Yesterday, while my library was closed, I read about J.K. Rowling being outed as Robert Galbraith. I placed a hold on her book, The Cuckoo’s Calling, and looked forward to picking it up this morning. I got to the library about 45 minutes after it opened. The book had gone out to another patron who’d found it sitting on the new book shelf.

The staff at the desk reminded me that this is our policy: if a patron comes to the circulation desk with a book, even one that’s been placed on hold by another patron, the hold is over-ridden and the patron gets to take the book out. Which had happened about 3 minutes before I came in. I had seen the book was available when I placed the hold and didn’t think about this scenario, or I would have arrived when the library opened. I knew the policy, but didn’t think about it.

I ran my other errands and came home, feeling disappointed and a little put out, both with myself for not thinking about getting there when the library opened (anticipating the demand for the book), and with the situation. If a page had pulled the holds before I arrived, I could have taken the book out, because it would already have been on the hold shelf; likewise if I’d arrived before someone else who wanted the book, it would be on my nightstand.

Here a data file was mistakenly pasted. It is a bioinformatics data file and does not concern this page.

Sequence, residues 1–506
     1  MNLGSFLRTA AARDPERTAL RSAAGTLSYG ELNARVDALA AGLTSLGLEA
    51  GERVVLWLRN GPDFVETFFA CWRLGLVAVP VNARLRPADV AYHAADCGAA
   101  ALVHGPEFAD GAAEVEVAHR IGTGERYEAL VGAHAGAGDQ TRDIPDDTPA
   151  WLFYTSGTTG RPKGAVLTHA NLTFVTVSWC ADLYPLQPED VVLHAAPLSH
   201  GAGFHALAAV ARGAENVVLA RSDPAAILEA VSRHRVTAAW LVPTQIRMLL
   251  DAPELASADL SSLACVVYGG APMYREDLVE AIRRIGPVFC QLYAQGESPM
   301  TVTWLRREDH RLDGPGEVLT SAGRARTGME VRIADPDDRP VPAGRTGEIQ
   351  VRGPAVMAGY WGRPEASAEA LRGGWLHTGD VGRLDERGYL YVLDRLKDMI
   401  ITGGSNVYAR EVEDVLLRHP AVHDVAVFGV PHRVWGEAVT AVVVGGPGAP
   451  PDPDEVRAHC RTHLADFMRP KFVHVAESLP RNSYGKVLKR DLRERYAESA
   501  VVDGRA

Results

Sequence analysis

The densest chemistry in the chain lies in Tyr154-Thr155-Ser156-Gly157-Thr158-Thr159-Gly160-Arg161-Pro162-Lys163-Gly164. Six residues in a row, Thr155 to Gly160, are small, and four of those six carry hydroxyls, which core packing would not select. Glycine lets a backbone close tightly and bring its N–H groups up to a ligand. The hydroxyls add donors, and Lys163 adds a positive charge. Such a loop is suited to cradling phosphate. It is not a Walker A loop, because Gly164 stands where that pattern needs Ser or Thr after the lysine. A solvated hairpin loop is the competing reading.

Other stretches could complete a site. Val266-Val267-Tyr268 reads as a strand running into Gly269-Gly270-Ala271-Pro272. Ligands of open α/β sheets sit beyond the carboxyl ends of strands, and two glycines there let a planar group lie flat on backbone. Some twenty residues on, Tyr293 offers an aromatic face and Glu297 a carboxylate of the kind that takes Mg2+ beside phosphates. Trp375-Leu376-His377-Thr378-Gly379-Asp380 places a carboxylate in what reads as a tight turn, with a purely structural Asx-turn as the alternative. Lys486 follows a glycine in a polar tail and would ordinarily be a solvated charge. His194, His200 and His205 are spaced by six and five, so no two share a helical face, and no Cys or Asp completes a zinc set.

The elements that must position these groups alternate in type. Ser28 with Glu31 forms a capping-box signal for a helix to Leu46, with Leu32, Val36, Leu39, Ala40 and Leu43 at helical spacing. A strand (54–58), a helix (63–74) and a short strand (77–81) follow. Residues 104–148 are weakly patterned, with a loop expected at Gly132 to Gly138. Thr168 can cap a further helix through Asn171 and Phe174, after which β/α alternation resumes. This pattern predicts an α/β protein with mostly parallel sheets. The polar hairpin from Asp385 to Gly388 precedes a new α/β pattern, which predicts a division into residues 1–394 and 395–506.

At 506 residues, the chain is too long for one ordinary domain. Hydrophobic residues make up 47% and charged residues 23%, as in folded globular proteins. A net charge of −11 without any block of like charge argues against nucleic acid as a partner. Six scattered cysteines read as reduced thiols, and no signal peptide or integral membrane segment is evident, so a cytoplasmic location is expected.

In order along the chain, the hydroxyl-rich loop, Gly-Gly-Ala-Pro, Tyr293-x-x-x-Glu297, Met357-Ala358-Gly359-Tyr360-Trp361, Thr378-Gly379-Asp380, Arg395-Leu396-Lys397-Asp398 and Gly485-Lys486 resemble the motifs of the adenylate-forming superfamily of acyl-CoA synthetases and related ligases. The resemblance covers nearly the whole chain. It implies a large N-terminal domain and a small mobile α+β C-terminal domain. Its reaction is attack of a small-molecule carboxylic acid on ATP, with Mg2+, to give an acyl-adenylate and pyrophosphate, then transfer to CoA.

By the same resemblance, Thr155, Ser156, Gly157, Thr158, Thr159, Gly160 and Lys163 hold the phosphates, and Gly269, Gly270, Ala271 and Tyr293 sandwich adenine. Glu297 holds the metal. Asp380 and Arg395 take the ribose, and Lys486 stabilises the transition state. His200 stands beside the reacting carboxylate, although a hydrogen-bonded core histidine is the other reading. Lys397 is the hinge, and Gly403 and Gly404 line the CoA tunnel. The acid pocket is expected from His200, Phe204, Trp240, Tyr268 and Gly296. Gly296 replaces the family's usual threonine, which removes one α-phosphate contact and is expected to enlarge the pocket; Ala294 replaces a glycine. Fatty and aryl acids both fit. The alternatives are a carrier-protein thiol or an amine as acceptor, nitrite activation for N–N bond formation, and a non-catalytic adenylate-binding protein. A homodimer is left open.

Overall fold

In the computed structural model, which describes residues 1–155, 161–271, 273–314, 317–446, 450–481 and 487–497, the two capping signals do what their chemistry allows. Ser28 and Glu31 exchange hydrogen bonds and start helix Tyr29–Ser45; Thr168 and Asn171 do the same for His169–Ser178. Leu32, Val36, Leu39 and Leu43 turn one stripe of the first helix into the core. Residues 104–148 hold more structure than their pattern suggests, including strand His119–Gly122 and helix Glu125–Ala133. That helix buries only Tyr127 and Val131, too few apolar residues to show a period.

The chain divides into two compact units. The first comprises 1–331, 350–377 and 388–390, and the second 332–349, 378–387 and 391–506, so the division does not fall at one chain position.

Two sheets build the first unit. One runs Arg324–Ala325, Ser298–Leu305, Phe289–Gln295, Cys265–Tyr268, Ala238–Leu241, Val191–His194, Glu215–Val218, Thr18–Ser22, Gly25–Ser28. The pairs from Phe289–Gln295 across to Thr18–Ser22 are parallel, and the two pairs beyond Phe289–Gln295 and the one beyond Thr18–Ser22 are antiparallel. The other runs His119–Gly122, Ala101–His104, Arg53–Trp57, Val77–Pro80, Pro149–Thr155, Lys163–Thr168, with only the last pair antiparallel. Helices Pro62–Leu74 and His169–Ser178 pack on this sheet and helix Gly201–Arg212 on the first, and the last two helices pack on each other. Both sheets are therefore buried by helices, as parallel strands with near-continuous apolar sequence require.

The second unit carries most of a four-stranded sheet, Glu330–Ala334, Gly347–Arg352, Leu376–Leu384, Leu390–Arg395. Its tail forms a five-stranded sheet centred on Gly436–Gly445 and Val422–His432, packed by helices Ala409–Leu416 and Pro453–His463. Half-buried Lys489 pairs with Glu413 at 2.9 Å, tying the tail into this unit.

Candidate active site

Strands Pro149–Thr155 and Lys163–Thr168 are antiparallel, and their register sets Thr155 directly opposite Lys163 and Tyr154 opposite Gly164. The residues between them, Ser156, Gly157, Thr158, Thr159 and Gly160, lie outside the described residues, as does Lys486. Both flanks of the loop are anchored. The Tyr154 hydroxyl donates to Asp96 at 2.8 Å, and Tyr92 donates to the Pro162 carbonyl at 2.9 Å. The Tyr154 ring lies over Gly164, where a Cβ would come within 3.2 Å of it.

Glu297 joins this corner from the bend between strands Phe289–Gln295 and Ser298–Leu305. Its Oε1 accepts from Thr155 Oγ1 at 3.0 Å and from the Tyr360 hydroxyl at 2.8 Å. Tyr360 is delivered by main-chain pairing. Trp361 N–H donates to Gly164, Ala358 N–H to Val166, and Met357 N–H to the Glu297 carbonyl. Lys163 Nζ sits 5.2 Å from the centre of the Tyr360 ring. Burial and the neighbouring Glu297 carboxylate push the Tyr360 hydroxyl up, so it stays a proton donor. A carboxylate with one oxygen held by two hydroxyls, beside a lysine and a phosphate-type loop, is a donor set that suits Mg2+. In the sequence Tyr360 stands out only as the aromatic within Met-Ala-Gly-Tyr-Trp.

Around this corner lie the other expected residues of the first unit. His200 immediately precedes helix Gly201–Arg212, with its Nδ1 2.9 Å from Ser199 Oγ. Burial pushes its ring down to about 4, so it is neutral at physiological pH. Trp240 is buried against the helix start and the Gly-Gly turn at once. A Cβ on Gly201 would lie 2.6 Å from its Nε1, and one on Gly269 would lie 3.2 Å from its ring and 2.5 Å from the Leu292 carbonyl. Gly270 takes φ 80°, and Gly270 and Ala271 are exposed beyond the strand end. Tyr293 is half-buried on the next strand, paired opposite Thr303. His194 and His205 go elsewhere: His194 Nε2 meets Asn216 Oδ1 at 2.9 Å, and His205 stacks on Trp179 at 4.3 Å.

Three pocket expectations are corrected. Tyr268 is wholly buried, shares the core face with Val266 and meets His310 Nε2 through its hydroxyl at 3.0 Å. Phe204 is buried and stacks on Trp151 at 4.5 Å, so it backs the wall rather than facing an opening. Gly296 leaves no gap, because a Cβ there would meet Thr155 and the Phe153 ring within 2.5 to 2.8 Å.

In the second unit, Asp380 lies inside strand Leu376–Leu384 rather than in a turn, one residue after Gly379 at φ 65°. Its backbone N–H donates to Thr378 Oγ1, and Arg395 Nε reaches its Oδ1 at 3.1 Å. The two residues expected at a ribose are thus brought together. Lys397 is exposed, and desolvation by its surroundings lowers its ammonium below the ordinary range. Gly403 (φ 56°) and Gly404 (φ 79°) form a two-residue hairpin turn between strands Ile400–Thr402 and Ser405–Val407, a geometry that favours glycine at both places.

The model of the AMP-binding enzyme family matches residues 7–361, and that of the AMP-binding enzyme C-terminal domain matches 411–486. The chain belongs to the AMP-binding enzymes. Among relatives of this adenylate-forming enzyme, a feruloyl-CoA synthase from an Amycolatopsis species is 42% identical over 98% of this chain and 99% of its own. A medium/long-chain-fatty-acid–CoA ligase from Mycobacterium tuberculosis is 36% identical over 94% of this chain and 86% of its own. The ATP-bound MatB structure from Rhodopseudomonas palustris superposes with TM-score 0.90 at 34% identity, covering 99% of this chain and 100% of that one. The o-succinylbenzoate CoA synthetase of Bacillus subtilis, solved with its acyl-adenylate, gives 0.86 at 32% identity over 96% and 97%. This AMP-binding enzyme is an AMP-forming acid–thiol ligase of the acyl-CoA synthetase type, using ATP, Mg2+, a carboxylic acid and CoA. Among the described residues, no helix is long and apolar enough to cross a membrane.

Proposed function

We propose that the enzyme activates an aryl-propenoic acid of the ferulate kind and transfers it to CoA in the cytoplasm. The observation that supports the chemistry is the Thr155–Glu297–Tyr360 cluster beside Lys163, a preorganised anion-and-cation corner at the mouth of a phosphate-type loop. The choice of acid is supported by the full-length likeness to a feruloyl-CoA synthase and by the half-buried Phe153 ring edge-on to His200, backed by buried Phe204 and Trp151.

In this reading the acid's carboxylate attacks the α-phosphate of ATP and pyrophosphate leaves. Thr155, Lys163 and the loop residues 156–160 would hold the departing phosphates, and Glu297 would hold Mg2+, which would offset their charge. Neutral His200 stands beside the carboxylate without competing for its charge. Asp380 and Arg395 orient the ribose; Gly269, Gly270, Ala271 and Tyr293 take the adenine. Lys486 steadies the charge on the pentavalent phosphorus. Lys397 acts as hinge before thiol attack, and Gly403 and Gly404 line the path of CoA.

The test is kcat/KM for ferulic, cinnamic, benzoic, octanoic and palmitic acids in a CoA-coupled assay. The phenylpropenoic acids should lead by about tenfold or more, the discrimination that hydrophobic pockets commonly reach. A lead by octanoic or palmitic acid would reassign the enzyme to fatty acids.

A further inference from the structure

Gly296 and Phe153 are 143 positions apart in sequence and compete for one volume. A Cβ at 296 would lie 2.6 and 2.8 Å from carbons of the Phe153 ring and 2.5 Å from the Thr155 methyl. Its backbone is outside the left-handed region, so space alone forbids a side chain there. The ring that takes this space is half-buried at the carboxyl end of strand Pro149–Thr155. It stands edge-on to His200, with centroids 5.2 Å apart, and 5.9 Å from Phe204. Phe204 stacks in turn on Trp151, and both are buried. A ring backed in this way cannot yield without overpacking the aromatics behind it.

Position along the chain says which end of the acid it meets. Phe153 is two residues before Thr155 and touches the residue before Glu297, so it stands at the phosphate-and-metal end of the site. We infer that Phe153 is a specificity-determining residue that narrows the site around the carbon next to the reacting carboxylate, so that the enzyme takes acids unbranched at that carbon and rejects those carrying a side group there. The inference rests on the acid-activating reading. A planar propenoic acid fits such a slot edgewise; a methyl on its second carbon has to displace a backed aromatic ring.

But this has been eye-opening because it made me see how easy it is to set policies on the staff side without feeling the impact from the patron side — this particular policy on paper seems fair and customer service oriented. Possession is 9/10 of the law, right? And it makes sense to try to please the person who is physically in the library and might get upset if you tell him or her the book is unavailable when clearly, it was on the shelf.

Until I was the patron who saw the book still available (moments before I left home) in the online catalog and drove over anticipating picking it up, the policy was just a dry note on a page (and one I easily forgot about, since it doesn’t come up much for me when I’m working at the reference desk). Now it is a part of my experience as a library user, and it doesn’t feel so good.

Which made me wonder, what else am I (and library staff everywhere) not experiencing from the patron point of view? Maybe part of staff training should be “patron for a day” exercises, requiring people to get out from behind their desks and use the library, to get a real feel for the “usability” of our spaces and policies.

Do you do this kind of thing in your library? If so, how has it worked? Have you changed any policies, shelving, or other aspect of your library as a result of your own experience as a patron?